Public operations need to get back to normalcy and fully improved operations as safely and quickly as possible after experiencing devastation from flooding and destructive winds in the wake of a hurricane. However, several pitfalls can keep leaders of public organizations from full recovery and success at mitigated improvements. To ensure that your city, school district, county, university, public transit operation or other public entity is on the best track to disaster recovery and improvements, here is a list of the biggest disaster recovery mistakes, and tips on how to avoid them.
1) Failing to properly document damages
In eagerness to clear a property for repairs and renovations after water and wind damages, workers often make costly mistakes that bear a long-term impact. Here are a few examples:
- Failure to record serial numbers of property
- Failure to take property photos from all angles
- Failure to record video of damages & moving water
2) Depending on the naked eye to ascertain damages
Even with 20-20 vision, persons appraising damage to government property are apt to miss critical details indicating serious damage and future instability of buildings and infrastructure. Thanks to a variety of today’s forensic and high tech equipment, infrared, magnified and x-ray type recordings show the smallest of fissures and other long-term problems inside walls, foundation, roofs and electrical work. Infrastructures as storm drainage systems, streets, sidewalks, HVAC systems and more usually receive damage when powerful winds and flooding impact them. Professionals who don’t spend the required analysis that reviews every inch of property down to the core or don’t pay attention to fine and intricate details to determine true damages can compromise the safety and future stability of public facilities and infrastructure.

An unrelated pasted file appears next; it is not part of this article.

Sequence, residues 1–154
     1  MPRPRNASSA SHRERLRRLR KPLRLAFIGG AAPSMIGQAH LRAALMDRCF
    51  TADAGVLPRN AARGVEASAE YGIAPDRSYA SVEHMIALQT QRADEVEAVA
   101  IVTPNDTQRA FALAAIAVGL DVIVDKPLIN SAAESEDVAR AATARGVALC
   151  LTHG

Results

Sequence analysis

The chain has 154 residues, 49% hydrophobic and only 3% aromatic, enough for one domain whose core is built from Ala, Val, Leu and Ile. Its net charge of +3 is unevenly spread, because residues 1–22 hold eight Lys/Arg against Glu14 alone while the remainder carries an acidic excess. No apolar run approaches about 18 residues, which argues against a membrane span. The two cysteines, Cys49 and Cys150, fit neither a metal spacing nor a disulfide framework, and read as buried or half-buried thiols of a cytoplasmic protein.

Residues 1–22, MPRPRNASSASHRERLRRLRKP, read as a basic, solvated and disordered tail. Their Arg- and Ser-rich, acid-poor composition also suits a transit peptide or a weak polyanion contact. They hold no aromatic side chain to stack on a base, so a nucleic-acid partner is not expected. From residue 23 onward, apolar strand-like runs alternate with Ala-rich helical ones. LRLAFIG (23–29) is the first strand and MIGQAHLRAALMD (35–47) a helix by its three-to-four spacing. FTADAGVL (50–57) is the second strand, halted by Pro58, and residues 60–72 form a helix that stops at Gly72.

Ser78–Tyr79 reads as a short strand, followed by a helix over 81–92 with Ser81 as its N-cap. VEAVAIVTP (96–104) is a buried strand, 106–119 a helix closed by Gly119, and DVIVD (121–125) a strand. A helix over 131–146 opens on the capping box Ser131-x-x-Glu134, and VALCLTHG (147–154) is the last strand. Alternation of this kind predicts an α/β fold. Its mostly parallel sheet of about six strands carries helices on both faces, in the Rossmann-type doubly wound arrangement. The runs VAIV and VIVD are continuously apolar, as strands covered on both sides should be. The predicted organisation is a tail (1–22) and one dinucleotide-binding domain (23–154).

3) Paying fees upfront or hourly to damage assessors
Professionals worth their salt will not charge fees up front to determine if property has damages. In fact, knowledge of the science of storms is used by the best experts to estimate damages received based on the location and other construction details of public properties. These experts are willing to work for no upfront fees, but for a percentage-type payment for services based on the proven, documented and accepted insurance and FEMA agreements of and resulting reimbursements and grants to cover the damage amounts and mitigated improvements.
For help with Public Entity insurance claim assessments, including school districts, public parks, and public buildings, please call us at 228-466-5644.